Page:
It's a very nice machine. It's just not what you'd call modular.
    Disagree, I’d absolutely call this modular, and say this has been a commonly used term when discussing AIO Macs vs headless, especially around the iMac Pro. People on this very forum debated the topic years back. This isn’t a new interpretation.

    My snap-on comment was referring to this bizarre interpretation that modular meant physical attaching them to each other:

    “There's no real modularity here unless you count stacking a few up on top of each other”

    …completely ignoring the other common interpretation that a separated CPU and display are modular components.
    Re-read the bolded sentence. That doesn't say that's what I interpret modular to mean. It's extremely clear that's not what I define as modular. The first five words in what you quoted makes that very clear.

    It may be how you want to define modular, but as I see it, the modular definition of it requiring just "bring your own monitor" and nothing else is ridiculous. As an example, Apple doesn't call the M1 Mac mini "modular", but it did say that the 2012 with SATA drives and user-expandable RAM, and the 2018 Mac minis with user-expandable RAM that.

    Apple uses the term as it sees fit, and inconsistently.
    Yes agreed stacking is a ridiculous interpretation of "modular", which makes citing it at all unusual. Modular here clearly refers to separated CPU and display, something commonly discussed on this forum going back years. It's not the only use of the phrase, of course, but it is a valid one and obviously the intended use in this context of a headless Mac.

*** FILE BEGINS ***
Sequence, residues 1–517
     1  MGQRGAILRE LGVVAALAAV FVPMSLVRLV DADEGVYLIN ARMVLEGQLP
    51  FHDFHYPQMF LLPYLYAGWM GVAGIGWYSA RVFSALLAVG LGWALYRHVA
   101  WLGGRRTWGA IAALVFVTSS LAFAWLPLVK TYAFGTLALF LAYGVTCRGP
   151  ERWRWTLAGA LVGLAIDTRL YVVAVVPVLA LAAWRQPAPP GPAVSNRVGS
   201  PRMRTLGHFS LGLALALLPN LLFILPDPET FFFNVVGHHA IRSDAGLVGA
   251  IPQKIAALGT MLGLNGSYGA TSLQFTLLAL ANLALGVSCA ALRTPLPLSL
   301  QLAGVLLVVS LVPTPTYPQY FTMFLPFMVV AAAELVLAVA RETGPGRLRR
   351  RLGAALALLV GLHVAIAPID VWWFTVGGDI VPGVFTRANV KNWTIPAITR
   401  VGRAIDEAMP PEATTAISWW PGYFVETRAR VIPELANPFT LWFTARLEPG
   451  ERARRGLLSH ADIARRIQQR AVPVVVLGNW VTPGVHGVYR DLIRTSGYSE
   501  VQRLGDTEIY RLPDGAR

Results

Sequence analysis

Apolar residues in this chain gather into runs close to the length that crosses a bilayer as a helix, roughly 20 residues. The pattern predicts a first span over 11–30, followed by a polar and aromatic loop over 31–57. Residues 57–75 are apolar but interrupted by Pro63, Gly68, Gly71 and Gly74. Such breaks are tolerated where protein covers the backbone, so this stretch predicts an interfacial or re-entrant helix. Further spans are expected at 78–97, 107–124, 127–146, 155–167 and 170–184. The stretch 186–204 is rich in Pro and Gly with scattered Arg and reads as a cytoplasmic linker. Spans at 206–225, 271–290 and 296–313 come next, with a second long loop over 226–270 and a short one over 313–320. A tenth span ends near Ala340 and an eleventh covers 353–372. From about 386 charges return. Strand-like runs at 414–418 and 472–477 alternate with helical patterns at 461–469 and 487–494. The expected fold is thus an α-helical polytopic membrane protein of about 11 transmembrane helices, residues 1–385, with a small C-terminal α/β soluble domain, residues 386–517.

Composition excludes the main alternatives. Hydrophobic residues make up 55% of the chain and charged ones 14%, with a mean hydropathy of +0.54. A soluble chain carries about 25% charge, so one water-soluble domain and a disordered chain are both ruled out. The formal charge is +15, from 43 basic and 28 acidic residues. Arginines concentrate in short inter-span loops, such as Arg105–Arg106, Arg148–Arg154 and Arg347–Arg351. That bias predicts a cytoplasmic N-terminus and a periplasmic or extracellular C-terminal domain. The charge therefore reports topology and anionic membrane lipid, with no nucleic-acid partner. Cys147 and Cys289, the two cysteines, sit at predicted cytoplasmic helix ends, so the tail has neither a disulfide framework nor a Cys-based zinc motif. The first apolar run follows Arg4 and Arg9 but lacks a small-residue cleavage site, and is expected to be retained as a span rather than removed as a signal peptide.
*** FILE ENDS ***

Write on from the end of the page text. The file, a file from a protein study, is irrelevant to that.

Here's Tom's Hardware discussing AIO vs modular:

    "With an innovative design that slots a powerful mini PC into the stand of a Dell monitor, you get the clean desktop of an all-in-one computer with a modular system that can be easily updated year after year."

    "Modular design with mini PC and stand"

    https://www.tomsguide.com/us/best-all-in-one-pc,review-2159.html

    I believe you're referring to "upgradable" components inside the CPU, but "upgradable" and "modular" are different, even if similar.